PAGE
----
WINDSOR — Kim Henderson tidies up four modest log cabins tucked a few blocks behind Main Street in this small town 90 minutes southeast of Kansas City.
“I’ve told people so many times — and I still mean it — I did the cabins more for Windsor than I did for myself,” Henderson said.
Windsor, with a population of about 2,900, is where the Katy Trail and the 47 miles of existing Rock Island Trail meet. Both are two former railroad corridors. One is now a world-famous outdoor recreation attraction. The other is only one-fourth completed.
Henderson, now a small business owner, has lived in Windsor for more than 30 years. She’s seen the benefits the Katy Trail has delivered to her community.
“It brings people here that never would have come to Windsor, Missouri,” Henderson said.
The Missouri Department of Natural Resources officially acquired the 144 remaining miles of undeveloped Rock Island corridor in 2021. The plan for the trail has been in motion for much longer. Henderson eagerly awaited the creation of the Rock Island Trail and has followed the outlining maps in anticipation.
“I watched the dotted line of the 47 miles for 15 years,” Henderson said. “I watched that dotted line … and I waited.”
When former Missouri Gov. Jay Nixon made the commitment to finish the first 47 miles of Rock Island Trail before he left office, Henderson bought two plots of land near where it intersects with the Katy Trail. She began renting out her first cabin in 2015.
“My first guests weren’t even cyclists,” Henderson said.
A local Amish carpenter built two more cabins for Henderson two years later. She furnished them with items from the family-owned furniture store in Windsor. In 2018 the fourth cabin was installed, and Henderson quit her full-time job as city administrator.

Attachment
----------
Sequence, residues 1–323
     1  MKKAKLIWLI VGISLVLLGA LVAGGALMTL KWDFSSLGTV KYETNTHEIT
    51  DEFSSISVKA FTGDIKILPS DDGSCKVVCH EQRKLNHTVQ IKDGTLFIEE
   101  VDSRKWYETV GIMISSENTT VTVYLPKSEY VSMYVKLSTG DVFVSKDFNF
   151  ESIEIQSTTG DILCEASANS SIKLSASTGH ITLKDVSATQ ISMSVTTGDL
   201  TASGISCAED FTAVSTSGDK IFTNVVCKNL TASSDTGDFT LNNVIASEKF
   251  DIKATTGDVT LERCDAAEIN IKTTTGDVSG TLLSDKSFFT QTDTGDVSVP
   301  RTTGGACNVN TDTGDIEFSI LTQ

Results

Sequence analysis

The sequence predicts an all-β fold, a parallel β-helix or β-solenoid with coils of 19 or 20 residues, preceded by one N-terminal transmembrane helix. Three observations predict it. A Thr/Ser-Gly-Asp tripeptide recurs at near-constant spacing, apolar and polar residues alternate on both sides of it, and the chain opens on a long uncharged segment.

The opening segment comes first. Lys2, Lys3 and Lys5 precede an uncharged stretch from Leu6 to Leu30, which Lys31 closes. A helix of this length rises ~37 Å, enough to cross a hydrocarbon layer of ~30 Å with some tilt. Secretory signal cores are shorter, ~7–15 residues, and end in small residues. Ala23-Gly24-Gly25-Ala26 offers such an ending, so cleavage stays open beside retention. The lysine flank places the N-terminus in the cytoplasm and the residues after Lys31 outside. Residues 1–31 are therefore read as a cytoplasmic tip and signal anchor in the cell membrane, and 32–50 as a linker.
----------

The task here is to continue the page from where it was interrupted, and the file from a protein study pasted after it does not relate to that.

“Kim’s Cabins” are often booked solid. She estimates about half her guests are cyclists. The rest are families visiting Windsor for funerals or weddings, traveling nurses, vendors of the Missouri State Fair, construction workers and folks traveling through mid-Missouri.
“I put these in thinking cyclists,” Henderson said. “… I never imagined how many people I would have that come for every other reason now, because the cabins are here.”
$69 million to zero
This spring Gov. Mike Parson announced a historic investment for the Rock Island corridor: $69 million to convert another 78-mile section into trail. He planned to use money from the federal American Rescue Plan Act.
If and when the trail is complete, due to its intersection with the Katy Trail in Windsor, it would become the longest rails-to-trails path in the world.
But Parson’s plan didn’t survive the legislative session. The Senate brought the Rock Island budget down to $0.
Legislators cited the Missouri Department of Natural Resources’ backlog of deferred maintenance in other state parks and concerns from landowners along the corridor as their reasons for cutting the money.
Communities along the trail are forging ahead despite the absence of legislative support.
Mac McNally leads the volunteers who make up the Missouri Rock Island Trail group. He said lawmakers’ decision to cut funding was disheartening but by no means the end of the road.
“We’ve faced challenges before,” McNally said. “We’re going to continue to try to help source funding to get the trail built.”
The group comprises local public officials, business owners, bike and pedestrian advocates, and anyone who cares about the completion of the trail. They’re motivated by the growth they’ve seen the 240-mile Katy Trail bring to adjacent communities. A 2012 report, the latest DNR analysis, found the trail brought more than $18 million into the state of Missouri.
“It can mean a huge amount of economic stimulus for the small communities that have kind of been left by the wayside after the railroads stopped operating 30-plus years ago,” McNally said.
It’s not just local volunteers looking for funding. Representatives from the DNR and the National Parks Service have stepped in to help connect communities to grants to complete their section of trail.
“The National Park Service is proud to be a partner on this and to serve Missourians in this way,” Ashley Newson said. She works for the National Parks Service’s Rivers, Trails and Conservation Assistance Program.